Little biographical interest attaches to Hawthorne's first work, beyond the fact that Mr. Longfellow found in the descriptions and general atmosphere of the book a decided suggestion of the situation of Bowdoin College, at Brunswick, Maine, and the life there at the time when he and Hawthorne were both undergraduates of that institution.
d, if he asked more of me, it should be done with a willing heart. I remember in my youth, when my worldly goods were few and ill managed (I was a bachelor, then, dearest Sarah, with none to look after my household), how many times I have been beholden to him. And see--in his letter he speaks of presents, of the produce of the country, which he has sent both to you and me."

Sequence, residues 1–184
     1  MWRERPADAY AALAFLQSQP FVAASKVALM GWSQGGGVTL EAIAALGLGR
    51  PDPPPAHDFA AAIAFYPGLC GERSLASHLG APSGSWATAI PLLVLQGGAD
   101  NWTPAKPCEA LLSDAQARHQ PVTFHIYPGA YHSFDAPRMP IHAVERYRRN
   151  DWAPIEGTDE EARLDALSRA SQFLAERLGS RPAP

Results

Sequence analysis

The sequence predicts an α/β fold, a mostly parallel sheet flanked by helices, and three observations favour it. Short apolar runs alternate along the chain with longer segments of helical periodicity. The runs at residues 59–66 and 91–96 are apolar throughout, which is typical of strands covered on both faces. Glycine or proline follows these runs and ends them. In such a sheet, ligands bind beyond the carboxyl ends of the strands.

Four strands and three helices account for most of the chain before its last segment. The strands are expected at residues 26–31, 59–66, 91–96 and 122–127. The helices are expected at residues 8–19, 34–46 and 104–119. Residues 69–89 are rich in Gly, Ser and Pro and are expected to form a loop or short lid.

"If the girl were country-bred," continued the lady, "we might give her house-room, and no harm done. Nay, she might even be a help to me; for Esther, our maid-servant, leaves us at the mouth's end. But I warrant she knows as little of household matters as you do yourself, doctor."
"My friend's sister was well grounded in the re familiari" answered her husband; "and doubtless she hath imparted somewhat of her skill to this damsel. Besides, the child is of tender years, and will profit much by your instruction and mine."
"The child is eighteen years of age, doctor," observed Mrs. Melmoth, "and she has cause to
Nathaniel Hawthorne spent many years attempting to track down extant copies of this, one of his earliest works, in order to destroy them. He failed, but his efforts assured the success of the book's republication after his death.
Fanshawe is a romantic tale that includes all the too good and very bad people that you would expect taking all of the contrived paths you would expect.
The end of the novel is less exciting than expected but purely Hawthorne.